23rd Annual Green Chemistry & Engineering Conference and 9th International Conference on Green and Sustainable Chemistry | June 11 - 13, 2019

Author Archive

Metrics for the Closed-Loop Chemistry Enterprise

Organizer: David J. C. Constable, Science Director, ACS Green Chemistry Institute, Washington, DC, USA

One of the major goals of green and sustainable chemistry is to promote the sustainable use of chemicals, the design and development of more efficient and less risky ways of effecting chemical transformations (new chemistries) and new chemical synthetic processes, and safer products.

In order to design more sustainable chemistries and synthetic routes, systematic, multivariate, and regular assessments of green and sustainable chemistry performance should be established throughout the development cycle of a new chemical or product. To do this, key green and sustainable chemistry measures must be agreed and tools to facilitate chemical, chemistry and process assessment must be developed.

Life cycle environmental impacts should also be included as part of a continuing assessment of any product and the process used to make them. The inclusion of life cycle metrics is especially important for supply chain management in light of the growing trend to outsource manufacturing and the desire to ensure that sustainability impacts are not exported outside of the company. Systems thinking and life cycle thinking are critical departure points for metrics that enable the circular economy.

This symposium intends to highlight approaches to systemically and systematically measuring, comparing and evaluating products and processes using key green and sustainable chemistry and engineering metrics. It will also explore the opportunities and challenges encountered in implementing green and sustainable chemistry and engineering concepts within a research and development framework and in the context of a circular economy.

Closing the Loop on Critical Elements

Organizers: David J. C. Constable, Science Director, ACS Green Chemistry Institute, Washington, DC, USA; Xianlai Zeng, Associate Professor, School of Environment, Tsinghua University, Beijing, China

There is a growing list of elements that are considered strategic metals; they are rare, expensive, and heavily relied upon for electronics, energy and chemistry. The current methods of extracting, purifying and using these metals is unsustainable and as these materials approach impending extinction from the supply chain while escalating environmental and socioeconomic costs across the world, it is critical to identify low-cost and abundant alternatives, or sustainable technologies to recover, recycle and reuse these elements. In general, there have been few chemistry alternatives that could recreate the performance of these metals in a variety of fundamental applications. This session will showcase innovators who are creating alternative chemistries and chemical technology approaches that can increase the sustainable reuse and recycle of these critical elements, or provide comparable functional, commercially viable materials for a variety of applications.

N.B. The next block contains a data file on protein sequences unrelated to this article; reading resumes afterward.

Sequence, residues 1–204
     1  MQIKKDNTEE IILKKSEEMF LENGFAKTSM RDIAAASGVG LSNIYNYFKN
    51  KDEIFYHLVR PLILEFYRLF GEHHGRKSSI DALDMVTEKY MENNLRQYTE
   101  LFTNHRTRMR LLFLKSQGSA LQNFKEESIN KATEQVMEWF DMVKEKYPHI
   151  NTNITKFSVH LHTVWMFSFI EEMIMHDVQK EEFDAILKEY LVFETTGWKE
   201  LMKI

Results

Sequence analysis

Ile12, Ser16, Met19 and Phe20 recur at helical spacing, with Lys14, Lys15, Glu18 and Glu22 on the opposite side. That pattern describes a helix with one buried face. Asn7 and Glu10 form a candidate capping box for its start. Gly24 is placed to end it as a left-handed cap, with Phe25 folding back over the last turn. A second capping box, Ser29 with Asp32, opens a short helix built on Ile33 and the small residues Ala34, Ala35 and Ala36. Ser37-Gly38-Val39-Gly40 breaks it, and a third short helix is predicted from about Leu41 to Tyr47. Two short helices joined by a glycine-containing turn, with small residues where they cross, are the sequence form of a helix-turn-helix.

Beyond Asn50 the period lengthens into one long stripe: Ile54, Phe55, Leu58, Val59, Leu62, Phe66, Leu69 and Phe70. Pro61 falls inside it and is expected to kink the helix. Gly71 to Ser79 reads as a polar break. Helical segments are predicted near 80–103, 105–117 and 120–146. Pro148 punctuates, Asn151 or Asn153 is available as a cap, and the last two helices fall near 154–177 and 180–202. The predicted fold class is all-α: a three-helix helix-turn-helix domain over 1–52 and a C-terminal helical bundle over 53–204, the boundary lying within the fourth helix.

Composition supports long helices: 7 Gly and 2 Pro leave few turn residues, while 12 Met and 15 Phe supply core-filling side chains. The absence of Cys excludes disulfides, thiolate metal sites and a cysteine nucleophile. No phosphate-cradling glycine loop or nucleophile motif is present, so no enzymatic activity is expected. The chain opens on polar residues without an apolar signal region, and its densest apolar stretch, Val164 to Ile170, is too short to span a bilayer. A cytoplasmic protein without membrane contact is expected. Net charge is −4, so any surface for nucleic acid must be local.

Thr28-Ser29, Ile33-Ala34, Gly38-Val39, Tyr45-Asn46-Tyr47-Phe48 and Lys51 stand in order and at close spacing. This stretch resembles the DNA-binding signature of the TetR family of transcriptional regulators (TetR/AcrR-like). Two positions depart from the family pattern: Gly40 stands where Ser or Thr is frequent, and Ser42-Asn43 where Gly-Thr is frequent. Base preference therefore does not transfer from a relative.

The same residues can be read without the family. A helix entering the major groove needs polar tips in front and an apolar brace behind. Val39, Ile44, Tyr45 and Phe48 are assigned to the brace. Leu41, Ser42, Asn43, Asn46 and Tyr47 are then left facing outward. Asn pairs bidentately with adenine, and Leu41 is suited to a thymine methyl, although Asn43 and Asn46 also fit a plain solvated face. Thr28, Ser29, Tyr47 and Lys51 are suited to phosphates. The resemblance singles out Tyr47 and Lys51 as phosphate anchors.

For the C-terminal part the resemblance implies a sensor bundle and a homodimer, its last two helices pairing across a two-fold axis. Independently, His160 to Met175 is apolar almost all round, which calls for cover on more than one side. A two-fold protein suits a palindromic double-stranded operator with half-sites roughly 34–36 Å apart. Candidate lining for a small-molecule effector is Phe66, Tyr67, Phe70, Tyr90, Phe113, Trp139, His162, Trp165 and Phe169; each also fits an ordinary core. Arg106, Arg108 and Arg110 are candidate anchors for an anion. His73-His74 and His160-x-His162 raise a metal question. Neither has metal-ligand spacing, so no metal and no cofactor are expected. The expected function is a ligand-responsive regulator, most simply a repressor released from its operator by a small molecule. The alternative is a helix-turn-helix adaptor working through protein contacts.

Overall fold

Linking Chemical Design to Toxicity/Hazard/Alternatives Assessment

Organizers: Amy Cannon, Executive Director, Beyond Benign, Wilmington, MA, USA; Dalila Kovacs, Professor, Grand Valley State University, Allendale, MI, USA; Saskia van Bergen, Green Chemist, Washington State Department of Ecology, Lacey, WA, USA

Toxicology concepts are essential in designing safe chemical products that have reduced hazards. There are many efforts to provide chemical designers with tools for understanding and predicting toxicity, while maintaining the function and efficacy for which the product was designed. Toxicology data enables scientists to better predict hazards at the molecular level, therefore avoiding the use and generation of hazardous chemicals. These tools and strategies are being developed and implemented in industry and academia.

Toxicology concepts and principles, including investigative or predictive methods, have traditionally been absent from the chemistry curriculum. As a result, professional chemists lack skills in designing chemical products with inherently reduced hazards. These knowledge and skill gaps are being addressed in educational programs both in industry and in academia with the goal of better preparing scientists to implement safer design strategies at the research stage of a product life-cycle.

This half day session will highlight systematic approaches toward addressing safety data gaps, understanding hazard and alternatives assessments, and predicting toxicological endpoints through molecular design, and will focus on education initiatives both in universities and within industry, via professional development programs.

Leveraging Partnerships in Start-Ups and SMEs

Organizers: Paul D. Thornton, Development Scientist, GreenCentre Canada, Kingston, Ontario, Canada; Laura M. Reyes, Career Development Leader, Chemical Institute of Canada, Ottawa, Ontario, Canada

Start-ups and small-to-medium enterprises (SMEs) are critical for commercialization of green and sustainable chemistry technologies across the global chemical enterprise. Small businesses are well-suited to bring innovative chemistry solutions to the marketplace, but these companies must navigate the diverse technical and business challenges of commercialization with limited resources.